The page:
Sunday, June 11, 2006

Frank Visser Responds to Wilber

It was only a matter of time, and now it is here -- the Visser response to the Wilber rant.

Visser doesn't seem to want to avoid getting into the personal pissing match that Wilber's attacks on Visser's interiors were likely to produce. After some initial ridicule, he stays mostly (notice the "mostly") on point with his questioning of Wilber's scholarship and the whole structure of integral theory under Wilber's leadership.

Here are some of the arguments Visser raises:

* The question "do the twenty tenets hold up to scrutiny?" has nothing to do with stages.
* The question "Is your view of western history solid?" has nothing to do with stages.
* The question "Can your take on mysticism be validated?" has nothiing to do with stages.
* The question "Are your ideas about holons consistent?" has nothing to do with stages.
* The question "Is your current states theory realistic?" has nothing to do with stages.
* Even the question "How are stage models influenced by values?" has nothing to do with stages (nor with acorns becoming oaks, the example you use).

These are all raised by
Jeff Meyerhoff. Shouting "sloppy scholarship" -- to pick one of the more polite terms you used -- obscures the relevancy of these questions.

Should I say more? On Integral World these questions are openly discussed. Does that make it a place for you to despise?

Sex, Ecology, Spirituality was supposed to be "a book of a thousand hypotheses", however, for better readability you chose to tell the story "as if it were simply the case." (p. 6). How many people have mistaken your story for fact?

When will you start validating your theories? Can they be validated at all? Has there every been a serious attempt to validate Spiral Dynamics and its tenets?

The effort to validate your notion of boomeritis (by Cowan) empirically should not be ridiculed. Even if boomeritis is an unconscious pathology, as you contend, surely it will leave its fingerprints all over a person's behavior and responses. How else could we know it existed?

Why haven't you clarified your position regarding the tenets of evolutionary biology? The careless statement in Brief History about a half-wing that will not work ("Absolutely nobody believes this anymore") has been contested by numerous biologists. Are they reductionists, so you can conveniently ignore them? What if they are reductionists because reductionism produces results?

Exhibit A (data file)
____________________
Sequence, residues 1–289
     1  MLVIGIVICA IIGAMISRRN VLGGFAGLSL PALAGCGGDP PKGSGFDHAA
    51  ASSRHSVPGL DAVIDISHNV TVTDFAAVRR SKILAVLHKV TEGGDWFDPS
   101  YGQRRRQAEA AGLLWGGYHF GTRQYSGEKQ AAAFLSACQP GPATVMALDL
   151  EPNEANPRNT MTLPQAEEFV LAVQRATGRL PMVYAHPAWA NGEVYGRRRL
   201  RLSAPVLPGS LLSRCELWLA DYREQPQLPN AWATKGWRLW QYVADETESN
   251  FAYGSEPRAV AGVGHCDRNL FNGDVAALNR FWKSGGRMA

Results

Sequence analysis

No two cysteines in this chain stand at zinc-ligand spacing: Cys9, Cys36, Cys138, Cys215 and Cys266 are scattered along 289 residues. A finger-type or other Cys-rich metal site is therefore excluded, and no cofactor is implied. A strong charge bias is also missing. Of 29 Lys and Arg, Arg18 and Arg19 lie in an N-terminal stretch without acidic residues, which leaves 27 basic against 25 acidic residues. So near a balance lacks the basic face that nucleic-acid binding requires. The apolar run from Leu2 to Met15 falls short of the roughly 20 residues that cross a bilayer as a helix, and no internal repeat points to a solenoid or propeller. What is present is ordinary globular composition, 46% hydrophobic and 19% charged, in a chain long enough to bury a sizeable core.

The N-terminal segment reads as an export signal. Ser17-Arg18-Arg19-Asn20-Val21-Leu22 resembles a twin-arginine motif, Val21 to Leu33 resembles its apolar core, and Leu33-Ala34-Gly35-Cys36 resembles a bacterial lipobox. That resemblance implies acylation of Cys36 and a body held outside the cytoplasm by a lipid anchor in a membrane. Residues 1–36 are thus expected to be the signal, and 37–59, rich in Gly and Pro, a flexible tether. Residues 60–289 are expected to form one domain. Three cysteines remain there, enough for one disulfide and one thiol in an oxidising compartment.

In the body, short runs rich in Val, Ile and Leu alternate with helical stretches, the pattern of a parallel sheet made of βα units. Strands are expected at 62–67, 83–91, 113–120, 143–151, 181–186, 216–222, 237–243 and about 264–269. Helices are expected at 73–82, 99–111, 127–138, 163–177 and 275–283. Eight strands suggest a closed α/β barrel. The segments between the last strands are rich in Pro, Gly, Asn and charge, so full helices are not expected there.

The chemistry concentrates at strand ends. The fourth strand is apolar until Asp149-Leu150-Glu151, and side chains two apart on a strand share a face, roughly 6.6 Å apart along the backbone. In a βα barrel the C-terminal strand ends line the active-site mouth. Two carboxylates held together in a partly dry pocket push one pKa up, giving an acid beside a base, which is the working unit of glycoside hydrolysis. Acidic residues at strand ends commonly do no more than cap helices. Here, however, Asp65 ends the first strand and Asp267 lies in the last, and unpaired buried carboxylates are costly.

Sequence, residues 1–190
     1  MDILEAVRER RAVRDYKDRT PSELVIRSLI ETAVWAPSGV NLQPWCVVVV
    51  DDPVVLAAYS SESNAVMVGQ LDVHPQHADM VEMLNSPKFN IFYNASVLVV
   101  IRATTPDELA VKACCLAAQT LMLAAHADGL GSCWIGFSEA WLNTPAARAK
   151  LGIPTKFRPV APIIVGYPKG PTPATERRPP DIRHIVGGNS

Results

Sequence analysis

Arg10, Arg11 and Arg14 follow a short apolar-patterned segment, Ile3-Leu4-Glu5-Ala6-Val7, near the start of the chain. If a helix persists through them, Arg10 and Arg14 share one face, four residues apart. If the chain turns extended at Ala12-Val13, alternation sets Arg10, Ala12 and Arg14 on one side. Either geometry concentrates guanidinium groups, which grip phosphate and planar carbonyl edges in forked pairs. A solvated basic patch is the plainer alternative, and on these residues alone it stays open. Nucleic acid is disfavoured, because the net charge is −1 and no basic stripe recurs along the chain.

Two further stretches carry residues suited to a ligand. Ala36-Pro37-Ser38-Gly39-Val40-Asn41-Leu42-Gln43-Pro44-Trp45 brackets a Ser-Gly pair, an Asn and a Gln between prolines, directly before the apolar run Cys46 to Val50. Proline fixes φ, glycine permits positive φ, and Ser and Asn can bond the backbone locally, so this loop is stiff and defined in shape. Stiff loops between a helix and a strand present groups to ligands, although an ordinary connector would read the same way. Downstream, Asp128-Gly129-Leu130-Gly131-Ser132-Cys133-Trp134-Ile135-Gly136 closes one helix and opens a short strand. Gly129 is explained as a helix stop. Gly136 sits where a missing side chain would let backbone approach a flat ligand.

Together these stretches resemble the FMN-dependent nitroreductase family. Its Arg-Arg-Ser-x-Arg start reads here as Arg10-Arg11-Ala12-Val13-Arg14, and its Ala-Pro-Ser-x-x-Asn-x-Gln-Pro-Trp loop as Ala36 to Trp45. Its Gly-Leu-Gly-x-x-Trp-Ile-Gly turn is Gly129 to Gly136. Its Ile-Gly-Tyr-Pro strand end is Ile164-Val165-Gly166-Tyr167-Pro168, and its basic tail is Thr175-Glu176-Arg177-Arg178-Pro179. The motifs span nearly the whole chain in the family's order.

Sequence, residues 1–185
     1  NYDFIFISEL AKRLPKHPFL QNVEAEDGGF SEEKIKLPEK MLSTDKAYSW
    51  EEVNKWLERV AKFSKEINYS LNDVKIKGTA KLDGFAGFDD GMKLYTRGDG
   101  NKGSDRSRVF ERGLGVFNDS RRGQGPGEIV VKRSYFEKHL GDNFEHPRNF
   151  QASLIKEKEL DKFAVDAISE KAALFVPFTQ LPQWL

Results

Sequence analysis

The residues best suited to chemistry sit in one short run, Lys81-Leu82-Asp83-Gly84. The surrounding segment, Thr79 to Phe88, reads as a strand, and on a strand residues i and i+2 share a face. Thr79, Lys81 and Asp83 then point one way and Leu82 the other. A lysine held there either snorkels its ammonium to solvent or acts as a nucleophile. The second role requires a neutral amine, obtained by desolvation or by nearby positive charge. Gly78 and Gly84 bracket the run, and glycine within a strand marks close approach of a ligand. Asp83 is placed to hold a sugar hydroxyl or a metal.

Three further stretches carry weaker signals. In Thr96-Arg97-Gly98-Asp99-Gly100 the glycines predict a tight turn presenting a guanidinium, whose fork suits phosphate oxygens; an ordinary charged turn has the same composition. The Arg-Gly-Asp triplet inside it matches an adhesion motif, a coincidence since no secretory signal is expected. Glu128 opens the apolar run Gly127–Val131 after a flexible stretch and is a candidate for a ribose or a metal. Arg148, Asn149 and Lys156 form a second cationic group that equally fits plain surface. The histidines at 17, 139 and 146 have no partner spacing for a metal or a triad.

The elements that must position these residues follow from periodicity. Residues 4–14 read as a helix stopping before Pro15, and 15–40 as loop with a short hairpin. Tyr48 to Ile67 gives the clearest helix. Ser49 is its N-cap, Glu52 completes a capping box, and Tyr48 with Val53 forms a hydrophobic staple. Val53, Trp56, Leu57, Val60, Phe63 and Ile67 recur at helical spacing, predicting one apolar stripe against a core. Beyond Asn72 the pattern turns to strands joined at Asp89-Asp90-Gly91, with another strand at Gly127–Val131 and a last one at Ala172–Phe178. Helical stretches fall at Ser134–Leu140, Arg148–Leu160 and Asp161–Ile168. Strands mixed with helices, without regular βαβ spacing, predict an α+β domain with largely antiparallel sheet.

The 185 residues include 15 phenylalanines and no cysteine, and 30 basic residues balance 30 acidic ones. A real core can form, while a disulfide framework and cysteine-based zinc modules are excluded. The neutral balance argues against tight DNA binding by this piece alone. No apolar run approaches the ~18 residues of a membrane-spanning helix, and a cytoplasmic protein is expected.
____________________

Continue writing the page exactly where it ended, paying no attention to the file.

Reading Dennett's Darwins Dangerous Idea I was impressed by the careful attention to detail and workable hypotheses he displayed. Can integral theory beat this? What's the scientific value of the statement "There's an Eros to the Kosmos"? Isn't this "vitalism all over again", as one critic expressed it?

How does your view of evolution actually differ from Dennett's? Are you aware Dennett explicitly refuted the religious view of evolution ("Darwins assault on the Cosmic Pyramid"), mentioning Lovejoy, one of your key sources in SES?

Why do you
respond angrily to your own students when they dare to bring up this issue again and again? ("Give me a break on this"). Why do you point them to literature (cf. Behe's Darwins Black Box) which has been discredited widely by top scientific organizations? Because, as you say, you think you know what scientists really think? What kind of scholarship is that?

Isn't the Intelligent Design debate for you a perfect opportunity to show to the world how YOU integral science and religion? What are you waiting for?
Read the rest.

So, it's on. The question is whether or not Wilber will actually pretend to care that some of his positions are subject to refutation. My guess is that we will hear nothing more from Wilber on this topic, aside from the possible review of responses his post engendered -- but certainly not a detailed response to any of the valid points that have been raised by critics or by fans as a result of his post.

Let me give one brief argument for why Wilber and Integral must address its critics. Here's an analogy: a house built on a foundation that contains even a few substandard bricks will eventually collapse. Same deal with an all-encompassing theory like Integral. If some of the foundational pieces contain faulty logic, or faulty research, or are simply just plain wrong, the whole edifice will eventually come tumbling down.

Wilber used to say that he was just blazing a trail and that it would be up to grad students to verify his work in research projects. Mostly, that never happened. But he has continued forward as though all of the earlier work has been validated. There are clearly some critics who would argue that there are flaws that must be addressed. Visser gives a platform for those views. In doing so, he does integral a greater service (despite the nutjobs who have found a home on Visser's site) than Wilber's blanket rejection of any public criticism.

Wilber's attack on Visser was questionable at best and blind at worst. Visser's response was more measured than I might have guessed, which is a credit to the man and his project.

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